Banjo Roots and Branches

The Earliest Banjo Reference in North America

The earliest known reference to a banjo in North America comes from a letter published on March 7, 1736 in John Peter Zenger’s The New York Weekly Journal: Containing the freshest Advices, Foreign, and Domestick. The letter is attributed to someone identified only as “The SPY.” The SPY’s letter describes a fair that took place in “the Field, little Way out a Town.” Historians have determined that this location was likely “the Common” of early New York City. The Common was an open civic space used as a common grazing land and for public gatherings. Previous historians believed that The SPY’s account of an African American fair that took place in lower Manhattan described a Pinkster frolic. In Banjo Roots and Branches, banjo historian Greg Adams finds evidence to suggest that the celebration described is actually a Paas (Easter) Monday fair, and he determines that April 10, 1730 is the likely date of the event.

The SPY mentions the “banger” being played three times throughout the letter. There is no description of the banger, so it may be assumed that the instrument was sufficiently well-known as to not warrant further explanation. The SPY account also references dancing while drums and percussion instruments are played.

The Plain partly covered with Booths, and well crouded with Whites, the Negroes divided into Companies, I suppose according to their different Nations, some dancing to the hollow Sound of a Drum, made of the Trunk of a hollow Tree, othersome to the grating rattling Noise of Pebles or Shells in a small Basket, others plied the Banger, and some knew how to joyn the Voice (to) it.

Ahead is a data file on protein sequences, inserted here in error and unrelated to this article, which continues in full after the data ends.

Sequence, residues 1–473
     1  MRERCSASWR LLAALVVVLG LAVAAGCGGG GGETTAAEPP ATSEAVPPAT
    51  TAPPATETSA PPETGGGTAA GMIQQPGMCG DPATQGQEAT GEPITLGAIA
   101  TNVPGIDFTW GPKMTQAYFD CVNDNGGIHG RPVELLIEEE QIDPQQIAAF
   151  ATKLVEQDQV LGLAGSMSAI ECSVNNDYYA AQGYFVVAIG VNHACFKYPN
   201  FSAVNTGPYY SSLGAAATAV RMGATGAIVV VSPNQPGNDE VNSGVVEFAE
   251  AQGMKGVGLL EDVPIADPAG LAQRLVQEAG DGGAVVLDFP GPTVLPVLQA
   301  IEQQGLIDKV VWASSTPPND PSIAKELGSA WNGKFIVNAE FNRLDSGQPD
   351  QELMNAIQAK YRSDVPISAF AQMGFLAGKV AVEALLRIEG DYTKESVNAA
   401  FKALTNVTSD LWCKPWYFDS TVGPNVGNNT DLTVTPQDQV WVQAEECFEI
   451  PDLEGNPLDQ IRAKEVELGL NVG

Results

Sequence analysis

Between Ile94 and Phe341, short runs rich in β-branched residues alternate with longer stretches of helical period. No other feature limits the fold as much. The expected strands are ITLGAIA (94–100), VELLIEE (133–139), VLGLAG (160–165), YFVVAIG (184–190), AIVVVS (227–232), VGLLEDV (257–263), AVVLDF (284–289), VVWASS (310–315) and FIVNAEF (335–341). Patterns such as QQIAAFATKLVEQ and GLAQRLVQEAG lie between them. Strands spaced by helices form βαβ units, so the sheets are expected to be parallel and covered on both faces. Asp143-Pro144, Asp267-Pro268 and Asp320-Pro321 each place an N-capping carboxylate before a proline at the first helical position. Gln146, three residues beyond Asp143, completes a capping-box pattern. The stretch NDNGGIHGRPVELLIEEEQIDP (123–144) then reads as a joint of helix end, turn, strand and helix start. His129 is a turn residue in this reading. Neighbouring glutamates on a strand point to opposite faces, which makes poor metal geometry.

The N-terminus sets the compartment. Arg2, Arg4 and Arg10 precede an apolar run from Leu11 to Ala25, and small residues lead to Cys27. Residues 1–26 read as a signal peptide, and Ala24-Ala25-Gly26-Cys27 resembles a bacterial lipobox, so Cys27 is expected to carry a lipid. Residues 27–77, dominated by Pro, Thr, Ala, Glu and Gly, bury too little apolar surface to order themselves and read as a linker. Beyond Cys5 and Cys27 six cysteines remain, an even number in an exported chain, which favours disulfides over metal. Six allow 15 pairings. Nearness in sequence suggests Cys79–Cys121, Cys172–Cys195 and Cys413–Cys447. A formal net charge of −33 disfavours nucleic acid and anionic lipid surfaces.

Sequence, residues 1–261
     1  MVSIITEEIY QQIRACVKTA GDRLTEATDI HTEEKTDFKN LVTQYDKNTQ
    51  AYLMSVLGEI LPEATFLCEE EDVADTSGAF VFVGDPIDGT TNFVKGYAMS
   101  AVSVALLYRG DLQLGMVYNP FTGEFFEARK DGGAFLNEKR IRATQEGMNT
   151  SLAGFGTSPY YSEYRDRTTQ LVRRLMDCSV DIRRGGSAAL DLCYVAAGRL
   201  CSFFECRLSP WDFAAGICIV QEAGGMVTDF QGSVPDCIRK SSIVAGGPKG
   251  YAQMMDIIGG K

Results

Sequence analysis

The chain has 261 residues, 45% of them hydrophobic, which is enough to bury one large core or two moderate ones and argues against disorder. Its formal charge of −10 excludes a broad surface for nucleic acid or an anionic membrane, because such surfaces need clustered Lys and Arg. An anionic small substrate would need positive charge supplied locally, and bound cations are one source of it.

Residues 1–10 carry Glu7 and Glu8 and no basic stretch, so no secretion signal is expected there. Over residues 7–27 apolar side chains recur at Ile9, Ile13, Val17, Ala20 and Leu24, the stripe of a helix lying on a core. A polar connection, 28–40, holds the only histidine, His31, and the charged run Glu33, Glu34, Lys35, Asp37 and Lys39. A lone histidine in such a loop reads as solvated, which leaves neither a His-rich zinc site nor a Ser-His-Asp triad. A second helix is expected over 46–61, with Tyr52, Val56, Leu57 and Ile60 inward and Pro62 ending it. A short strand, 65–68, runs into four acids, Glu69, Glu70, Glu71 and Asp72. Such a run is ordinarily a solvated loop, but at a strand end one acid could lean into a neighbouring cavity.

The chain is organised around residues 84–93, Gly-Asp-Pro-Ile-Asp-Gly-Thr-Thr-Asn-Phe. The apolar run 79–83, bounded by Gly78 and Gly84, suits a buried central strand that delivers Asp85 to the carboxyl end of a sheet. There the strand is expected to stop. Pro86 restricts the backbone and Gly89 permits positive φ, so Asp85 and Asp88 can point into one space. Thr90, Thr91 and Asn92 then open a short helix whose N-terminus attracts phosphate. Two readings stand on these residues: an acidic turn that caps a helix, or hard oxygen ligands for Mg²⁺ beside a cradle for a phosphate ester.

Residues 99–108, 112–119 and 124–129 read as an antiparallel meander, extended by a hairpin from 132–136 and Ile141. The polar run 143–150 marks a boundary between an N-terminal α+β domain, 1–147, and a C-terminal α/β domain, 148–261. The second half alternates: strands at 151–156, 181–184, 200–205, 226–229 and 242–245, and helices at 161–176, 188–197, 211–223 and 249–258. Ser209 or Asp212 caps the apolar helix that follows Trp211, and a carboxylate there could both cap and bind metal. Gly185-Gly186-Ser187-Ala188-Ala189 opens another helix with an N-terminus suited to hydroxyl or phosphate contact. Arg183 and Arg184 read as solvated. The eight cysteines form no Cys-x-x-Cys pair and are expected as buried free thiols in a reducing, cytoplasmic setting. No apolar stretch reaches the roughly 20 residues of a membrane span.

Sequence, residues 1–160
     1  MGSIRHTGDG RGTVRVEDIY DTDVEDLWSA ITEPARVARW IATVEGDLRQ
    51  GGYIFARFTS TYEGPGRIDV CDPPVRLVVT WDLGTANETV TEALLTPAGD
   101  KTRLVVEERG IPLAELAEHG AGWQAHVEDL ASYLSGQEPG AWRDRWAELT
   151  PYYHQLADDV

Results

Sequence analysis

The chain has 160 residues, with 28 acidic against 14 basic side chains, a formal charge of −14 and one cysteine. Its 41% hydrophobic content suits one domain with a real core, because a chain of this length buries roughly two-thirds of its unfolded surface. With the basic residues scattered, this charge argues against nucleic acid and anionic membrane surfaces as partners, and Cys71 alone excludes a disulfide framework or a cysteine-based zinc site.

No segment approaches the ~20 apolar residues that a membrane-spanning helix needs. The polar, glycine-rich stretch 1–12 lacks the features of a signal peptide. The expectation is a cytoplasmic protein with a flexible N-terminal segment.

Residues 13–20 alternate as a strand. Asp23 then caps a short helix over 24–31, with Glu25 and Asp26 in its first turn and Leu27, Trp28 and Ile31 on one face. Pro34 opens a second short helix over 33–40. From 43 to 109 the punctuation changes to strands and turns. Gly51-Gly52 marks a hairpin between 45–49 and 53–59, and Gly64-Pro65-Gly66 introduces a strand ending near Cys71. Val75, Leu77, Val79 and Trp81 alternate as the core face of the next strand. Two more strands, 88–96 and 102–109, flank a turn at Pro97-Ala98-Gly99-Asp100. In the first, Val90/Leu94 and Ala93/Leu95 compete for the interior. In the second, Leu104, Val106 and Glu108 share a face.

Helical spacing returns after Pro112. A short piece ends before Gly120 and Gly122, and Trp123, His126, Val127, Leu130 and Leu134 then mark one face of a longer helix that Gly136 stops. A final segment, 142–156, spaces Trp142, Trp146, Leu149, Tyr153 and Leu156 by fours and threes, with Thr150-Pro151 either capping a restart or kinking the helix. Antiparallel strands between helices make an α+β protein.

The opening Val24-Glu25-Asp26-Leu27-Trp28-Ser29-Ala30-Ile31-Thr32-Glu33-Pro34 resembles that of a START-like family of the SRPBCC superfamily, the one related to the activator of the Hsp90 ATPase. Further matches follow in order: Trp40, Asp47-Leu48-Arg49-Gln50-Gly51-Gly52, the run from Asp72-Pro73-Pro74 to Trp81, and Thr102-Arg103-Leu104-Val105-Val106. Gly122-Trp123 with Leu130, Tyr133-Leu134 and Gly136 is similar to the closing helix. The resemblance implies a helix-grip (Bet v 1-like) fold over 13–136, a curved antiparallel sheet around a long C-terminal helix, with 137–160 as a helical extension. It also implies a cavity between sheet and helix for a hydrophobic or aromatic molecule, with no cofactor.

African-style drums and rattles similar those described were widely reported throughout the Caribbean. The 1737 census shows that “Negroes” made up approximately 20% of the population of New York City. They were almost all enslaved. Most had been acclimated to slavery, the English language, and Afro-Creole culture (“seasoned”) in the Caribbean where the early gourd banjo took shape. Runaway slave advertisements corroborate the fact that the early gourd banjo could be found in the New York metropolitan area during the 18th century.

The Depiction of the African American Early Gourd Banjo in The Old Plantation, South Carolina, 1780s

The painting The Old Plantation (see photo at the top of this post) provides the earliest depiction of a banjo in North America. It was painted by slave-holding planter John Rose in South Carolina’s Low Country during the 1780s.  The painting is a richly-detailed portrayal of African American music and dance in the 18th century. In Banjo Roots and Branches, Shlomo Pestcoe examines various features of the banjo pictured, determining which of these features are shared with other early gourd banjos, West African predecessors, and later European-American built minstrel banjos. He also shows the West African precedents and influence of the depicted dance.

The Old Plantation banjo includes features that define it as an early gourd banjo and differentiate it from known instruments in West Africa including a flat, fretless fingerboard and wooden tuning pegs. It is a  4-string full spike lute, meaning the neck passes over or through the entire body of the instrument. Features that it shares with West African spike lutes include decorative sound holes in the body and a short thumb string which provides a musical drone – a defining feature of banjos to this day.